I’ve been covering the entertainment industry since 2015, and in that time, I’d say this Michael Keaton-returning-as-Batman story ranks up there with Marvel Studios getting the rights to Spider-Man as one of the most shocking pieces of comic book news I’ve ever reported on.
In terms of both surprise and importance, both of these announcements shaped the future of their respective franchises: Tom Holland’s Spider-Man, for example, is now the MCU’s central figure.
Keaton returning to the cape and cowl of the Dark Knight is just as monumental, as it not only breaks the model in terms of casting (Keaton is 68-years-old) but it opens the door for a new era of superhero cinema with the introduction of the multiverse. If you’re a fan of the genre like myself, it’s a wonderful time to be alive.
And while this Batman news may have come out of the blue to fans like ourselves, Warner Bros. and DC actually laid the foundations of Keaton’s Batman earlier this year.
The key lies in… the CW’s Arrowverse? Look, I know I’m a relatively gigantic nerd, but even for me, whatever they’re doing on cable television is just a step too far down the rabbit hole for me. Based on the reaction of fans, the Arrowverse — which consists of, I don’t know, five or six shows at this point? — is quite successful, so more power to ’em. I just simply don’t watch TV shows on basic cable considering the depth of superior quality that’s out there elsewhere.
Anyway, back to the Arrowverse and how it already laid the foundation of Keaton’s Batman:
As a wave of antimatter causes red skies and tears through a number of realities, destroying them (at least for the time being), one of those worlds is Earth-89. In addition to being a nod to the year Keaton’s Batman premiered, the scene featured Danny Elfman’s Batman theme, and a cameo by Robert Wuhl, who played journalist Alexander Knox in the Tim Burton movie. In the scene, Wuhl sits on a bench, reading a story about Batman — and the photo appears to be an old licensed-art drawing based on the Burton/Keaton costume.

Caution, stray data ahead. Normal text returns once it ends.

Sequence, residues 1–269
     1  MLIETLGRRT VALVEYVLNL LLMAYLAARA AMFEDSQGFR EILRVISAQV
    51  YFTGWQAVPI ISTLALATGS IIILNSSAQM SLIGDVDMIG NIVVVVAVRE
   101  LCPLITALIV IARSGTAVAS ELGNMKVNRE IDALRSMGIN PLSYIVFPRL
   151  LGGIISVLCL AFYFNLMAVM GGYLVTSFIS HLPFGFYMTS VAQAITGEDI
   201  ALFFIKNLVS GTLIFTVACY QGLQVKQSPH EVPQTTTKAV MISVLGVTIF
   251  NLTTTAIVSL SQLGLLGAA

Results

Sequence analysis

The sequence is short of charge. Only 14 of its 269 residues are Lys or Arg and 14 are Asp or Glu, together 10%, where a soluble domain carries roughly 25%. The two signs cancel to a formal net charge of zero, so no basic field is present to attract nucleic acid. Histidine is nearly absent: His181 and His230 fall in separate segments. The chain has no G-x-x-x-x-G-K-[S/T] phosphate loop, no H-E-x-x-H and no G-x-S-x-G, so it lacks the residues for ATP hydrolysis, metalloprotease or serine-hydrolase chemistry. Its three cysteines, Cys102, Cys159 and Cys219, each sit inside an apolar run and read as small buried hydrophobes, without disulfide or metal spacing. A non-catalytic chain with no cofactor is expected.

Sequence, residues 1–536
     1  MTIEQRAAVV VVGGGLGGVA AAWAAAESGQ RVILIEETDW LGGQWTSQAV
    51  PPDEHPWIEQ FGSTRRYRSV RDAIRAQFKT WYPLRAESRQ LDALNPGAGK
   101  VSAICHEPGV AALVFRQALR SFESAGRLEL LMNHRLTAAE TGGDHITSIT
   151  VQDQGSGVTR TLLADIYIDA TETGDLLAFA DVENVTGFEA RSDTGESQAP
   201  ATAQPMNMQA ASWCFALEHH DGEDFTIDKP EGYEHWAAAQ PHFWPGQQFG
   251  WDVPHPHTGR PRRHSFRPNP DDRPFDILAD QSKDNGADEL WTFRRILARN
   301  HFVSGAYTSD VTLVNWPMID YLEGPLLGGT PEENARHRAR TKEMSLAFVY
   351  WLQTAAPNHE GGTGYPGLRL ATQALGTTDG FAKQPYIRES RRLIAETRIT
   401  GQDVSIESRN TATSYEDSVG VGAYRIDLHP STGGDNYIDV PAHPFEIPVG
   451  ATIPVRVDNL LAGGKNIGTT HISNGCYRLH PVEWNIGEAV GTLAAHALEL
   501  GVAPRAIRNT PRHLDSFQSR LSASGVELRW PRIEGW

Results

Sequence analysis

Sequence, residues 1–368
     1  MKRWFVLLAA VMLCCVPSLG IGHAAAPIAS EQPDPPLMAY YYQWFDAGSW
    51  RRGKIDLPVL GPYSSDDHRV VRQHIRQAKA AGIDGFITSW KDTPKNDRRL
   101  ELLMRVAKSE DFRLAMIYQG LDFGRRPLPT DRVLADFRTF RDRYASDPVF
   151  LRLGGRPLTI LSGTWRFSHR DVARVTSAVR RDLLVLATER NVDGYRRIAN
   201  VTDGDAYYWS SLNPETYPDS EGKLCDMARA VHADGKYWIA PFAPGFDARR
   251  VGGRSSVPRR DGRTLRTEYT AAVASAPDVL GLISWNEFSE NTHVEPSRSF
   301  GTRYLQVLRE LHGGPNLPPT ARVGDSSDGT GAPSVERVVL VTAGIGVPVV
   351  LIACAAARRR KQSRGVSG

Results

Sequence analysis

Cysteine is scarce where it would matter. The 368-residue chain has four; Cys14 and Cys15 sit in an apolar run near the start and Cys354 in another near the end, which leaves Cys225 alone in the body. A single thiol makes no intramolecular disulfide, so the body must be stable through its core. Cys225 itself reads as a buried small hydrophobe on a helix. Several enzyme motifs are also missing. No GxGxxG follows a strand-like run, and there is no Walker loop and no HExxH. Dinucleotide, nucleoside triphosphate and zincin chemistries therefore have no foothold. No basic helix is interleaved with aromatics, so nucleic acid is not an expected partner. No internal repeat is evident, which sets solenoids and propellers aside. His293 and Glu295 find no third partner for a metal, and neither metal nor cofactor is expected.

This means that in the multiverse populated by the Arrowverse shows, both the Earth on which Ezra Miller’s Flash took part in Justice League and the Earth on which Robert Wuhl’s Alexander Knox knew Michael Keaton’s Batman existed. [via Comic Book]
The aforementioned Erza Miller cameo actually happened earlier this year, so it’s POSSIBLE that Warner Bros. did this intentionally, already knowing their future plans with the character. The DCEU has been a mixed bag thus far, but if they had the foresight to work in this reference, that shows they — for perhaps the first time — have a legitimately structured plan, and that’s something to be excited about.
At this time, The Flash is currently scheduled to hit theaters sometime in the summer of 2022.
Eric is a New York City-based writer who still isn’t quite sure how he’s allowed to have this much fun for a living and will tell anyone who listens that Gotham City is canonically in New Jersey. Follow him on Twitter @eric_ital for movie and soccer takes or contact him email@example.com